3D Photogrammetry Scanning

In 2015 UMBC received a Major Research Instrumentation (MRI) award from the National Science Foundation (NSF) to commission a photogrammetry 3D and motion capture scanning rig that can support faculty research in multiple disciplines. Direct Dimensions a Baltimore based company and world leader in 3D scanning technologies, was commissioned to build one of the first commercially produced photogrammetry scanners. The 90 camera rig and appropriate control and processing software was installed in December, 2015.

Chris Peregoy
As a test subject, Chris Peregoy, Visual Arts, along with his antique camera, is being 3D scanned in the newly installed 90 digital camera rig.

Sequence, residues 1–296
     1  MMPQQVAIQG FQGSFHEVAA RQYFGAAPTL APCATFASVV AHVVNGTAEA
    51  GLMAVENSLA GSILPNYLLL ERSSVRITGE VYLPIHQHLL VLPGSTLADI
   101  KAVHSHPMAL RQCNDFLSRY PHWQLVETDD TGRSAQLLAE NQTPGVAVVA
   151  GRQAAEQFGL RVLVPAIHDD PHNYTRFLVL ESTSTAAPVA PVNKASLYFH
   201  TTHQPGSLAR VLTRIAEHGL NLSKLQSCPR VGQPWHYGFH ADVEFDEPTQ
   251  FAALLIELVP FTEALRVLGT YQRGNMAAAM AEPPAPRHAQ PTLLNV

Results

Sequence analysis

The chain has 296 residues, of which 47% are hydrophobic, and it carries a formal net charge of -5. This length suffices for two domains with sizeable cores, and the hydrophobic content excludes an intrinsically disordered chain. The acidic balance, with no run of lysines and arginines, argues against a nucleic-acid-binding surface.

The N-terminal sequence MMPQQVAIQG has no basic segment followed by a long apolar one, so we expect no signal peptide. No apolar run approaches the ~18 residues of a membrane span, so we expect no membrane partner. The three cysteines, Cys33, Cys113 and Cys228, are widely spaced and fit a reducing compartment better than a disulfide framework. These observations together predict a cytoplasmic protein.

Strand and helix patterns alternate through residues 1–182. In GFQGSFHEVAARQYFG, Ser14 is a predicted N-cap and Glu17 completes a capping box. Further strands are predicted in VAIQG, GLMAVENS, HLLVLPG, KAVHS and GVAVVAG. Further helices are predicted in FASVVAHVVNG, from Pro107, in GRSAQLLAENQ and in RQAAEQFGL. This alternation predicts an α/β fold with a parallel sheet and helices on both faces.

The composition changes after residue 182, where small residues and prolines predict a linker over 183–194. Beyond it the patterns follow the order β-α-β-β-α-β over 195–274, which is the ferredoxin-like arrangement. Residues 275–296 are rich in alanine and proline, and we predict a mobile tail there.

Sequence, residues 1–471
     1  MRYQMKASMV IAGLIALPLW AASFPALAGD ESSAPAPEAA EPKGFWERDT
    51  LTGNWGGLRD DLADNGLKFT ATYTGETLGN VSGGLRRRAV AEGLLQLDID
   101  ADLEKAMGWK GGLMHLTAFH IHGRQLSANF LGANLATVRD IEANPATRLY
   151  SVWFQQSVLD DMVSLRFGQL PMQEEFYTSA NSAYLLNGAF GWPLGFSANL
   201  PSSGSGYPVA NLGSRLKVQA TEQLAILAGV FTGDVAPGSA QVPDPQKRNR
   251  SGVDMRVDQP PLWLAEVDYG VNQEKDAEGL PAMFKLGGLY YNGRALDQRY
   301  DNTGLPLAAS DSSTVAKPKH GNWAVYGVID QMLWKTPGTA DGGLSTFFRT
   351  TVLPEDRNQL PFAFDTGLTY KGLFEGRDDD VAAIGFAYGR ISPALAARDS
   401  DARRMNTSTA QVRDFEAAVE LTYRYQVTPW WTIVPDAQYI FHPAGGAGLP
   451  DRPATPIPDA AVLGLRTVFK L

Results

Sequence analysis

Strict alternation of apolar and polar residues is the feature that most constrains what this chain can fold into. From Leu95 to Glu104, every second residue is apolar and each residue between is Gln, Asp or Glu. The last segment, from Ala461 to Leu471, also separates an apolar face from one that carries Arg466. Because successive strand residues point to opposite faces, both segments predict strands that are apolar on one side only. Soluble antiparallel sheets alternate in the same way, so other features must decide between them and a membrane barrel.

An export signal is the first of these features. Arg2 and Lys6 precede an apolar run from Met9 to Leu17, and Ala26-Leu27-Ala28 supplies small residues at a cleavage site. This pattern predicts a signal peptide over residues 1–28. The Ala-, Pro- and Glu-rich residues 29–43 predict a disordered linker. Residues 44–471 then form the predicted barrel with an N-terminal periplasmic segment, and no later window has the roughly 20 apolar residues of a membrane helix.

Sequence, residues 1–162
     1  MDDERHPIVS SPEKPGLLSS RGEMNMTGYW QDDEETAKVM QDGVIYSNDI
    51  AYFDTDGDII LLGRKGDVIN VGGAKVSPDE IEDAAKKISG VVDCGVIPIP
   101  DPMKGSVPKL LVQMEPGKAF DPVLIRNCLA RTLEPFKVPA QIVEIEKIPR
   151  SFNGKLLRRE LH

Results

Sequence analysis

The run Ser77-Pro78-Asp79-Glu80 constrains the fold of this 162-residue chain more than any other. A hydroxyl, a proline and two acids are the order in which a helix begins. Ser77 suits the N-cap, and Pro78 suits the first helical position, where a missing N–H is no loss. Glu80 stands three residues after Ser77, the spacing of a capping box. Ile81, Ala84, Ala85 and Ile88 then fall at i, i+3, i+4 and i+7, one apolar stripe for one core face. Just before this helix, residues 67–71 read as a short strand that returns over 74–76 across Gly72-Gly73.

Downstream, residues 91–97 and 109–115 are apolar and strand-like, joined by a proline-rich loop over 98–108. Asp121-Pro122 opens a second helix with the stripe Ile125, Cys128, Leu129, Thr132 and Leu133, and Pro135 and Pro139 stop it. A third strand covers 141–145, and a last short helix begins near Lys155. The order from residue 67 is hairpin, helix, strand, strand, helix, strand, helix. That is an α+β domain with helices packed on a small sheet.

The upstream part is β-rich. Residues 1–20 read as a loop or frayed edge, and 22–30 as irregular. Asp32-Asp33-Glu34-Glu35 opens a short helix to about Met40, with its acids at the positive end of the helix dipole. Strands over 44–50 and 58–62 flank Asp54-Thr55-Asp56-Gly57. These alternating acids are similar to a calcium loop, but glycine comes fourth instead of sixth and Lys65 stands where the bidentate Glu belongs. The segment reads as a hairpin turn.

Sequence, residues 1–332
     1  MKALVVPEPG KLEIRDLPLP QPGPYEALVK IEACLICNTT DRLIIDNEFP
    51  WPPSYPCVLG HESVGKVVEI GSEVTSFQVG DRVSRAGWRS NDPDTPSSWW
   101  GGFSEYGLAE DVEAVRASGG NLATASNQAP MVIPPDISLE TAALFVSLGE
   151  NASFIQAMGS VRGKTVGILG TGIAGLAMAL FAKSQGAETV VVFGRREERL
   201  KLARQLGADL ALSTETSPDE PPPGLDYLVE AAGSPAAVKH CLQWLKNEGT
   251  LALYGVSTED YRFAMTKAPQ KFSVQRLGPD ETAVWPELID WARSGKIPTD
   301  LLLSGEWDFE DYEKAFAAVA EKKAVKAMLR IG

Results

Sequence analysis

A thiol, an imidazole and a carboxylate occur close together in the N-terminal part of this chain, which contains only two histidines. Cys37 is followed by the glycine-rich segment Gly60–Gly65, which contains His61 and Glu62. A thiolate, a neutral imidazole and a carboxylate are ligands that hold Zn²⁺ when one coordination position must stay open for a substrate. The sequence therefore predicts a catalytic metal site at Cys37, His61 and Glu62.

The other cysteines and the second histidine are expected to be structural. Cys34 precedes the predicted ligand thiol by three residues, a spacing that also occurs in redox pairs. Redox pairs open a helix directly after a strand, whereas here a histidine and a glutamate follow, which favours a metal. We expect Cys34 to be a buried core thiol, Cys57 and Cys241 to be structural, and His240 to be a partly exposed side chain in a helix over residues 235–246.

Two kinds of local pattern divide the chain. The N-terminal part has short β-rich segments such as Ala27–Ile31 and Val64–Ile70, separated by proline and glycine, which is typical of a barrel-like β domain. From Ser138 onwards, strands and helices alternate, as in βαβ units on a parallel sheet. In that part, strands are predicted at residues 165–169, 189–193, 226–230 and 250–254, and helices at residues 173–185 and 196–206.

The scanning facilities are housed within UMBC's Imaging Research Center's facilities. Currently the rig can accurately scan objects from as large as a cow or motorcycle, down to something as small as a grapefruit. One of the most important features of photogrammetry is that the scanning records the surface colors as well as the shape. Having multiple cameras synced with electronic flash allows the scanning of living objects or objects in motion. The rig can also capture bursts of 10 frames which offers the ability to study motion - for example studying how someone sits down into a wheel chair. Additional proposed research by UMBC faculty is program it to record 3D video as well as using polarized light to gather additional spectral and transparency surface information.